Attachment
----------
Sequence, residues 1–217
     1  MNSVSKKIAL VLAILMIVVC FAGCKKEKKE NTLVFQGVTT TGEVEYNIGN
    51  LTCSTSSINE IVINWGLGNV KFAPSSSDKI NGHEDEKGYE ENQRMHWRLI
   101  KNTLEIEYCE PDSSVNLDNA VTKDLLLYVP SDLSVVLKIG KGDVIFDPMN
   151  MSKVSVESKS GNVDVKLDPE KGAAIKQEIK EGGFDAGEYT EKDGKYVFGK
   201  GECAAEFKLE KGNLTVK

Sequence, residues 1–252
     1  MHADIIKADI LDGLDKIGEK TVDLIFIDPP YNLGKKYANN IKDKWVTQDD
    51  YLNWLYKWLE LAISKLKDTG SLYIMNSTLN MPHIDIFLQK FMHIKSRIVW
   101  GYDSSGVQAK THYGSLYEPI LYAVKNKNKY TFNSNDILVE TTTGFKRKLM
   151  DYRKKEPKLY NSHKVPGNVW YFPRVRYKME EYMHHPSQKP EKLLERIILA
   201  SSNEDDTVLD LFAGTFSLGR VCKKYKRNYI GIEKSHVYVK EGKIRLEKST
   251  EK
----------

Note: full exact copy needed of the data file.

Sequence, residues 1–217
     1  MNSVSKKIAL VLAILMIVVC FAGCKKEKKE NTLVFQGVTT TGEVEYNIGN
    51  LTCSTSSINE IVINWGLGNV KFAPSSSDKI NGHEDEKGYE ENQRMHWRLI
   101  KNTLEIEYCE PDSSVNLDNA VTKDLLLYVP SDLSVVLKIG KGDVIFDPMN
   151  MSKVSVESKS GNVDVKLDPE KGAAIKQEIK EGGFDAGEYT EKDGKYVFGK
   201  GECAAEFKLE KGNLTVK

Sequence, residues 1–252
     1  MHADIIKADI LDGLDKIGEK TVDLIFIDPP YNLGKKYANN IKDKWVTQDD
    51  YLNWLYKWLE LAISKLKDTG SLYIMNSTLN MPHIDIFLQK FMHIKSRIVW
   101  GYDSSGVQAK THYGSLYEPI LYAVKNKNKY TFNSNDILVE TTTGFKRKLM
   151  DYRKKEPKLY NSHKVPGNVW YFPRVRYKME EYMHHPSQKP EKLLERIILA
   201  SSNEDDTVLD LFAGTFSLGR VCKKYKRNYI GIEKSHVYVK EGKIRLEKST
   251  EK